If you're not familiar with Community Development Districts, here is a good definition:
CDDs (Community Development Districts) are special purpose taxing and development districts created in 1980 through passage of Florida State Statue # 190. The purpose of this Chapter 190 law was and is to promote housing development through use of tax-free bonds that developers use to lower the initial cost of these residential communities. Developers issue bonds to pay for initial infrastructure (sewers, roads, water supply, grading, utilities, etc.). Bonds are eventually paid off by residents over periods of 10-30 years.
The main advantage of CDDs is that housing is initially less expensive since major development costs are deferred and are financed through the use of tax-free bonds. This leads to the main disadvantage that housing costs are inflated over time as the bonds need to be repaid.
Developers like the Chapter 190 law because they are able to offer housing at a lower initial cost than would otherwise be the case.
County governments like the Chapter 190 law because developments that might otherwise not be built are in fact built because of the tax incentives and pricing advantages. Property tax revenues are eventually higher than would otherwise be the case since the developments are, in fact, built.
Residents like the Chapter 190 law because the initial buy-in cost of the housing is often lower than otherwise would be the case because the initial infrastructure costs are deferred and the houses cost less.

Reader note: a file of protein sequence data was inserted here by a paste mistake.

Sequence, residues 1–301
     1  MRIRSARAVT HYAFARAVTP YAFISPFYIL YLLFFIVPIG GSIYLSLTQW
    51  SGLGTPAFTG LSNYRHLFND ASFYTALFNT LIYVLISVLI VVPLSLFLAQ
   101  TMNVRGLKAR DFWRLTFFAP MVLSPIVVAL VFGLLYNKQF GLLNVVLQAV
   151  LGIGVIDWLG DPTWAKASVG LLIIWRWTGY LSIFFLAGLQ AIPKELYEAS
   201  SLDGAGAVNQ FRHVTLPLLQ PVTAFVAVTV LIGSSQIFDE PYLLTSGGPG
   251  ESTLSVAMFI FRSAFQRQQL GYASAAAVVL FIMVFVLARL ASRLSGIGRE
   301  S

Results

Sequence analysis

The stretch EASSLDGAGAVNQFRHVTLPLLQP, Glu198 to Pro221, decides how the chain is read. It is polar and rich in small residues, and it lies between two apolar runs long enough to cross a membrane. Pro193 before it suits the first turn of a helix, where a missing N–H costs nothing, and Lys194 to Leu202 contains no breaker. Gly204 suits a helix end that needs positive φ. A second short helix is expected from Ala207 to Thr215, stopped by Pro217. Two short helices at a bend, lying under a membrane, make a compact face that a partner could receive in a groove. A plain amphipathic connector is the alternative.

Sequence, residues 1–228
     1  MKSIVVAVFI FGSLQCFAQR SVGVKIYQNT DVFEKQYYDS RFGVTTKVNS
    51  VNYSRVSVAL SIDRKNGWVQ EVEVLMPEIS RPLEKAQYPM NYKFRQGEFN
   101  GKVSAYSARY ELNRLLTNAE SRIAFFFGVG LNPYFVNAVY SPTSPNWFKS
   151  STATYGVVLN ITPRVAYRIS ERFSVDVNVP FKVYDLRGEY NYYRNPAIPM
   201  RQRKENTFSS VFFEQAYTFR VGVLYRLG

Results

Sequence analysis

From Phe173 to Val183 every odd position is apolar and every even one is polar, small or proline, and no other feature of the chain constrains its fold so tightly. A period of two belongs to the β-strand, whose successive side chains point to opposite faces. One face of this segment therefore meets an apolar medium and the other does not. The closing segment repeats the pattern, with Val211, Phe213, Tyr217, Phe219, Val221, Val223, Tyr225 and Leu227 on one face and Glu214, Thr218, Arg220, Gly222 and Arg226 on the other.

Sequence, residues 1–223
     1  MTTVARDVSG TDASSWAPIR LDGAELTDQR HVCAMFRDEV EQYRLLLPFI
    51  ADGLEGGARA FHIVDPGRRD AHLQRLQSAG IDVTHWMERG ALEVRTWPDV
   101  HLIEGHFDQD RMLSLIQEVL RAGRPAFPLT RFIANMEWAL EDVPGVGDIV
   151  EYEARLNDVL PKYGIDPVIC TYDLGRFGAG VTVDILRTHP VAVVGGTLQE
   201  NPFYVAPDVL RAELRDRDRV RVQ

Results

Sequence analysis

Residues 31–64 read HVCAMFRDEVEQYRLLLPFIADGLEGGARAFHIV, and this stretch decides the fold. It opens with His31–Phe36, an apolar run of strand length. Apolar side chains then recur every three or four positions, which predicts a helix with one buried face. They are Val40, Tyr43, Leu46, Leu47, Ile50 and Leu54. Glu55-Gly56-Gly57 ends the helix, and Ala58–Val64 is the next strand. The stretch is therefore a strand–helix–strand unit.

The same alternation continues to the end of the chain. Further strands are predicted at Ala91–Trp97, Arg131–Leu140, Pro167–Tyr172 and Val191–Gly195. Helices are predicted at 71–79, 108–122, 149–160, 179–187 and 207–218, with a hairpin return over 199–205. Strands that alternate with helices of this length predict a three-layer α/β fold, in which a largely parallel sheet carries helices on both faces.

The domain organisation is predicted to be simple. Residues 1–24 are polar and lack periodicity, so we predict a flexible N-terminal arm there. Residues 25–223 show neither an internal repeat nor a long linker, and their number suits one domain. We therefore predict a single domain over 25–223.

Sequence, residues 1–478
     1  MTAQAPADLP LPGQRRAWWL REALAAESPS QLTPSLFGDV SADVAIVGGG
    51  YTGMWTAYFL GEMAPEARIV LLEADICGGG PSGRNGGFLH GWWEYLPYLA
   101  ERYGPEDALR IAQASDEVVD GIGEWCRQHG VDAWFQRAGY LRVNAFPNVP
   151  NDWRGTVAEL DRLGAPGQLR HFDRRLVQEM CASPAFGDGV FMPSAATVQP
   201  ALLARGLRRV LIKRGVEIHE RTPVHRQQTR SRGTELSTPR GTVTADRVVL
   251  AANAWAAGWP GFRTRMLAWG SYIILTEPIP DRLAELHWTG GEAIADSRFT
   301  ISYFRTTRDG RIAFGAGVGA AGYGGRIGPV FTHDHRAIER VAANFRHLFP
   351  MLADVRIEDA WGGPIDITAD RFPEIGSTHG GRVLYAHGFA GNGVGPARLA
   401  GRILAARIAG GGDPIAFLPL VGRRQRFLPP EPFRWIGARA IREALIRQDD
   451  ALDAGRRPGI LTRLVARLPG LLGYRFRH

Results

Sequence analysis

Unfortunately, developers have perverted the concept of the Chapter 190 law and turned it to their advantage at the expense of the residents.
How do they do this?
First, developers maintain control of the decision-making mechanism in CDDs though unusual maneuvers. These maneuvers allow developers to effectively make all the major-decisions in the CDDs for their own advantage. Residents are not allowed to make these major decisions.
Second, developers appoint their own hand-picked board supervisors to these special CDD boards. Residents never have the opportunity to elect these supervisors who make all the major decisions, mostly at the direction of and for the benefit of the developer.
Third, developers use special appraisal techniques, approved and accepted by their hand-picked boards, to sell common properties back to the residents in the CDDs at grossly inflated prices. Residents often originally buy in to the development not realizing that common properties are not owned by the development and that they, the residents, will have to buy these facilities eventually at inflated prices.
Fourth, developers appoint administrators, without regard for the wishes of residents, who represent the views of the developer and who often ignore the needs and interests of residents.
Fifth, a variety of lawyers, accountants, consultants, etc., often work for combinations of developers, county governments, CDD boards, etc., in ways that suggest conflict-of-interests problems. However, the Chapter 190 law effectively exempts these operatives from state conflict-of-interests laws. The losers here are often residents who end up on the wrong side of the conflict-of-interests issue.
In our area local politicians just approved "Nocatee", a community that will add an estimated 35,000 new residents to the county over the next 25 years. It will include parts of St. Johns and Duval County. Despite the fact that in a local survey 59% of the participants voted that this development would harm the quality of life, the local politicians voted 3 : 2 in favor. It is pretty obvious that the almighty tax dollar is often blurring the vision of these representatives of our communities. The fact that the developer is DDI Inc., part of the Davis family empire, which controls as well Winn-Dixie Stores, Inc., definitely helped the cause. Obviously not all county commissioners in Florida have realized that they are giving up part of their power when allowing a CDD to be created in their counties. Because it seems that developers are not further interested in anything county commissioners have to say after the District is once approved. Just ask the Marion and Sumter County commissioners?